Wendy Darling moved to downtown Atlanta shortly after the 1996 Olympics. Since then, the thirtysomething Emory digital communications specialist has witnessed plenty of change to the neighborhood. She loves living in the Fairlie-Poplar district for its tight-knit community. Darling is a proud resident of north downtown and says its come a long way since she moved in. But Darling explains that other parts of her neighborhood are struggling with their own issues.
I would always stay downtown as long as I'm in Atlanta. ... It is by far the best place to live if you don't have a car. ... [If] you want to go anywhere on trains or buses or walk to places, it's very centrally located. I don't even have to transfer on the train because I'm right at Five Points.
[The Fairlie-Poplar District] has a scent of being a small town or village, which is very surprising. You run into all your neighbors on the street. You get very familiar with all the storeowners, restaurant owners, security guards for the buildings, GSU police, and all the different people. ... Everyone eats [on] Broad Street ... [and] a big favorite of people is Park Bar.
The entire area around Centennial Park [has] totally transformed. That whole area has become a corridor all the way from the [Georgia] World Congress Center to Peachtree Center. Marietta Street is more active than it used to be, too, and it's improved because the whole street just went through a streetscape change.
There seems to be a tendency from politicians to come up with this idea of big mega projects. [They say], "We're going to build this giant museum, stadium ... or come up with this huge new plan for downtown." I thought, "There is a plan for downtown!" Central Atlanta Progress actually has two or three very well-done plans. ... [But Atlanta is] going to bring all this traffic and possibly some employment. But on the other hand, can we get some help with some basic services? Can we have, like, streetlights? Can we have a nice library?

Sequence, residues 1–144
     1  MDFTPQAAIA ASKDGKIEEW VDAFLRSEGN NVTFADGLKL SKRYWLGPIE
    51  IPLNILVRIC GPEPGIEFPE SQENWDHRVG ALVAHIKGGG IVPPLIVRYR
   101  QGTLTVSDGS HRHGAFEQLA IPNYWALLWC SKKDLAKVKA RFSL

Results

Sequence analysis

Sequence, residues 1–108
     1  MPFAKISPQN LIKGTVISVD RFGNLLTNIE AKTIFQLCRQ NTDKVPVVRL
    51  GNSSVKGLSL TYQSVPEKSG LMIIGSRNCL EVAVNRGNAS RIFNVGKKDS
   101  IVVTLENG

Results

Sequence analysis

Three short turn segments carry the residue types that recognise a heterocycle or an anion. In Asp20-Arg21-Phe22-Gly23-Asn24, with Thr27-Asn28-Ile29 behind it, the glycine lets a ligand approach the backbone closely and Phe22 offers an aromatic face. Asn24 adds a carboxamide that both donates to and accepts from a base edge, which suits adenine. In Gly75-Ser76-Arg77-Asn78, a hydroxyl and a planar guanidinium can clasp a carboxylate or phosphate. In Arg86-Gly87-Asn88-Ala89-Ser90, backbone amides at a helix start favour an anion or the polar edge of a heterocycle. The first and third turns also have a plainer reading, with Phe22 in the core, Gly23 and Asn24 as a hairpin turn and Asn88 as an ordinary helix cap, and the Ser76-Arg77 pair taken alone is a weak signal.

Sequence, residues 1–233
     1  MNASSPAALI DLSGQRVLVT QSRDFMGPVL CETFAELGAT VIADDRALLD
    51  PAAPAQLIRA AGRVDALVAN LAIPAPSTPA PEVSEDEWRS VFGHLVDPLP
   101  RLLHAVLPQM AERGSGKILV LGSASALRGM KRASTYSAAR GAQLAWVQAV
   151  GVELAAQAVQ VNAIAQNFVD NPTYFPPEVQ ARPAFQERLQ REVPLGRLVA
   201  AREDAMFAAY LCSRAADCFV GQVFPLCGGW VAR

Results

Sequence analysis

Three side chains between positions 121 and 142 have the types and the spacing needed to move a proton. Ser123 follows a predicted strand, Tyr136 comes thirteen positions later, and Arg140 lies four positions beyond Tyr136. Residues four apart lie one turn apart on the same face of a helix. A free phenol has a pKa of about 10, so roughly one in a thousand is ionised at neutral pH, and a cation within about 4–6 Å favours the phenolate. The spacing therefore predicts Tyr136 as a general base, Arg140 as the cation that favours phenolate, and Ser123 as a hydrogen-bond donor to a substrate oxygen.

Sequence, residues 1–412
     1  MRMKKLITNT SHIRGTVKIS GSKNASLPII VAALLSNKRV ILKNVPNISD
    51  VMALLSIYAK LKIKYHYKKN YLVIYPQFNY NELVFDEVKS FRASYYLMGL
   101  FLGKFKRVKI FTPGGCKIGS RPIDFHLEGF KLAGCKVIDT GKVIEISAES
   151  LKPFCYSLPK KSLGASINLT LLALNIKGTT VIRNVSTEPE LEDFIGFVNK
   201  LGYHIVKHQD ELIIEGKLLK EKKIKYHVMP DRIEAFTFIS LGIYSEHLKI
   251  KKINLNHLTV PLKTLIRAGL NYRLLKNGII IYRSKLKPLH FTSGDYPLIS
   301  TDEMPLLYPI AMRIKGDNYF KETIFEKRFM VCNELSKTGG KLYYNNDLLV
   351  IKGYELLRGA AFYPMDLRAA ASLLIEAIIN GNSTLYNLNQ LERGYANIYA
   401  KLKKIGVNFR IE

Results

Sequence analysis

Georgia State's footprint has gotten bigger and having all the students going to classes and living in downtown has had a lot of great side benefits. There are restaurants that are open, stores that are open, [and] CVS is open. Despite thousands of residents and students, [downtown] still doesn't have a grocery store. Midtown has a couple of grocery stores now. Georgia Tech has that Publix right next to them ... we should have a grocery store. ... The effect of the students has been very positive. I never thought the neighborhood was scary, but it feels a lot safer now.
It would be cool to just ride the streetcar. I think it will be used a lot by GSU students. ... It will also benefit some of the businesses along that route [that] don't get traffic. ... Edgewood has already changed a great deal over the years but I think Auburn can too because of the people.
The area south of Five Points [has] really gotten to a boiling point. There are [longtime residents] who feel like they are facing major quality-of-life issues and [a] lack of economic development. Recently, a woman just four blocks [over] was assaulted in the street. That doesn't really happen in the north part of downtown, but over there it's a different story.
South downtown has lots of government agencies and law enforcement. Despite that, people are dealing and doing drugs — standing in the street around Broad and Peachtree streets smoking crack. [It makes] you feel like, no matter how much you try to make this a nice place these people are always making trouble.
We had an event last May called Brighten Up Broad Street. The buildings and spaces are pretty much the same as the spaces in my part of downtown. There's all this potential there with buildings ... [residents] feel like downtown can't succeed until that is fixed.